Search engine giant Google Inc. said Wednesday it plans to locate a new engineering and support facility in the Phoenix area. Mountain View, Calif.-based Google said it will hire 600 engineers and others to work at the new...


Tuesday, October 11, 2005

Ex-employee settles lawsuit with Alaska
By on Business & Technology
A former maintenance supervisor at Alaska Airlines has settled a federal lawsuit against the airline that alleged he was wrongfully fired...


Poor countries weigh trade plan
The G20 group of developing nations meet to discuss the US and EU's latest proposed global trade concessions.


Globalisation 'gains' in textiles
Asian states have avoided the worst effects of the end of global textile restrictions, but Africa has suffered.


Jet Propulsion Laboratory plans layoffs due to budget constraints
NASA's Jet Propulsion Laboratory plans to lay off between 5 percent and 8 percent of its work force as a result of belt-tightening at the agency's Washington headquarters, officials said. The lab's director, Charles Elachi,...


Northwest, Striking Mechanics to Meet
By By JOSHUA FREED, AP Business Writer
Northwest Airlines Corp. and its striking mechanics said Tuesday they'll meet this week, although neither side described the talks as negotiations. Northwest mechanics, cleaners and custodians have been on strike since Aug....


Brown: Fewer Barriers to Boost Growth (AP)
AP - Improving trade with the United States will boost European growth and jobs, British Treasury chief Gordon Brown said Tuesday after talks with EU finance ministers.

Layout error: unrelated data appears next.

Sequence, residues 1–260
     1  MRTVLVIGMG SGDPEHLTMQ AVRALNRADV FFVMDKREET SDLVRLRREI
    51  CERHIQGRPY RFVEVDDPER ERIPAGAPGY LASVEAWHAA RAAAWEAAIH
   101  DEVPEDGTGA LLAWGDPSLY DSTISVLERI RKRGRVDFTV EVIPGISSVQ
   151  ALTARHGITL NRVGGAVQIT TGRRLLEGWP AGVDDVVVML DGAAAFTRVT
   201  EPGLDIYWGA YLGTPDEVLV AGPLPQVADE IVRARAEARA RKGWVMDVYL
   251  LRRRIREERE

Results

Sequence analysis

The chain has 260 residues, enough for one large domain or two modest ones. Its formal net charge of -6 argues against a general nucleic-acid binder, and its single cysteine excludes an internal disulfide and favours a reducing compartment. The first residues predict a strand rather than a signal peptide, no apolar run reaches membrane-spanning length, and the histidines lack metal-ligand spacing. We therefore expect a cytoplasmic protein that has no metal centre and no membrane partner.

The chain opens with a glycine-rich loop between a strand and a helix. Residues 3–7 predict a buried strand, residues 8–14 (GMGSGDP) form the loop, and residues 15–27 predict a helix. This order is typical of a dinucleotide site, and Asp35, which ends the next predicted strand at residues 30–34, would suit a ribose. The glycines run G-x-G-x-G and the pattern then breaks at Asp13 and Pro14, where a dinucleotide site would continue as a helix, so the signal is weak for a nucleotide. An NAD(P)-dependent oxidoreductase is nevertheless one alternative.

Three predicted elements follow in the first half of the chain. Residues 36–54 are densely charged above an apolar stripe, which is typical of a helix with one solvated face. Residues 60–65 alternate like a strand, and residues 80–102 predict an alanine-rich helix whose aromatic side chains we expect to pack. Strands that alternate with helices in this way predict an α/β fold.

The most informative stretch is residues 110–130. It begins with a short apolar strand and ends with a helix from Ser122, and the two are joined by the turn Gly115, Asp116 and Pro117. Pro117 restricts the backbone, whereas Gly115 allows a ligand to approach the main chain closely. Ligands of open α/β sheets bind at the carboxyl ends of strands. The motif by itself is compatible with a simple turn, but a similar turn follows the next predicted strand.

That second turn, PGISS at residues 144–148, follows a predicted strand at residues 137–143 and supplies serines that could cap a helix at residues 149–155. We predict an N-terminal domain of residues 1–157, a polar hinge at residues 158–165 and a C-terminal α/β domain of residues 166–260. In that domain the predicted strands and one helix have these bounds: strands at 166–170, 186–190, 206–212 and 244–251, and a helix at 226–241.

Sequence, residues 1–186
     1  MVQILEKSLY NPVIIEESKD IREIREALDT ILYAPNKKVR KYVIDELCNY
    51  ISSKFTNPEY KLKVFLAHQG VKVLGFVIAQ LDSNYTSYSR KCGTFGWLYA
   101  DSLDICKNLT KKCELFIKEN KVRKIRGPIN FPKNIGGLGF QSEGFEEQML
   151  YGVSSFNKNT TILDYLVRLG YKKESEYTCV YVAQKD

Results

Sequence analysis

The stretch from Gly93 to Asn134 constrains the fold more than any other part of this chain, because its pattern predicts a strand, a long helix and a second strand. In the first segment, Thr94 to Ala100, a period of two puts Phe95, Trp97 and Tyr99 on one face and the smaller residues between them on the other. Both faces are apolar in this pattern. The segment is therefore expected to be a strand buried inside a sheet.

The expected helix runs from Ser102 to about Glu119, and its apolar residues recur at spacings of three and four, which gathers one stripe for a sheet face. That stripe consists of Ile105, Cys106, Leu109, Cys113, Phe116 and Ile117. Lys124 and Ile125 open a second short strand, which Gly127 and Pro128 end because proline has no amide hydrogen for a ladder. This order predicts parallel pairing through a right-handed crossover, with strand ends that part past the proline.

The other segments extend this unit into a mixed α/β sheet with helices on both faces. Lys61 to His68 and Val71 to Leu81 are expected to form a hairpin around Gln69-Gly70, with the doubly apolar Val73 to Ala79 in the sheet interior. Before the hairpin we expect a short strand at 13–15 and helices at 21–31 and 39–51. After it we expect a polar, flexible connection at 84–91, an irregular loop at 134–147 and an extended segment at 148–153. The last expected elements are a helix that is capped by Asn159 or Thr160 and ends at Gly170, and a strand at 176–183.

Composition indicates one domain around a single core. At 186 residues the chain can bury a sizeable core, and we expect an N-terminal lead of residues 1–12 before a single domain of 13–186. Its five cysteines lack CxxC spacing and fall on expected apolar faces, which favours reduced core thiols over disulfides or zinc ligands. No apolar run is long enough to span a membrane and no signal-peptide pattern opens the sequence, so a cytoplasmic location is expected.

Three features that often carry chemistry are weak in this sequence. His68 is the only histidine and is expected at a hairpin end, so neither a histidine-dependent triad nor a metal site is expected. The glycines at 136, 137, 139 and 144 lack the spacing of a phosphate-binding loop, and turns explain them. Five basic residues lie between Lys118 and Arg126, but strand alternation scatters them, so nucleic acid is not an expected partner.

Indiana Colgate Toothpaste Plant to Close
Colgate-Palmolive Co. told workers Tuesday that its 500-employee plant that makes most of the company's U.S. toothpaste supply will close by January 2008. The shutdown, which was unexpected by union leaders, will happen in...


Snow prods China towards currency reform (AFP)
AFP - US Treasury Secretary John Snow urged China to relax its grip on its currency to stimulate global growth as he arrived here to take US demands for reform to the heart of the Asian economic powerhouse.


Consumer confidence up in October: survey (Reuters)
Reuters - Consumers were slightly less pessimistic about the U.S. economy in October, with rising interest rates and high gasoline prices the main worries, according to a survey released on Tuesday


Monday, October 10, 2005

Read the Tea Leaves: China Will Be Top Exporter
China's tea industry is growing, even as young Chinese lose interest in the beverage, meaning more of it is being shipped abroad.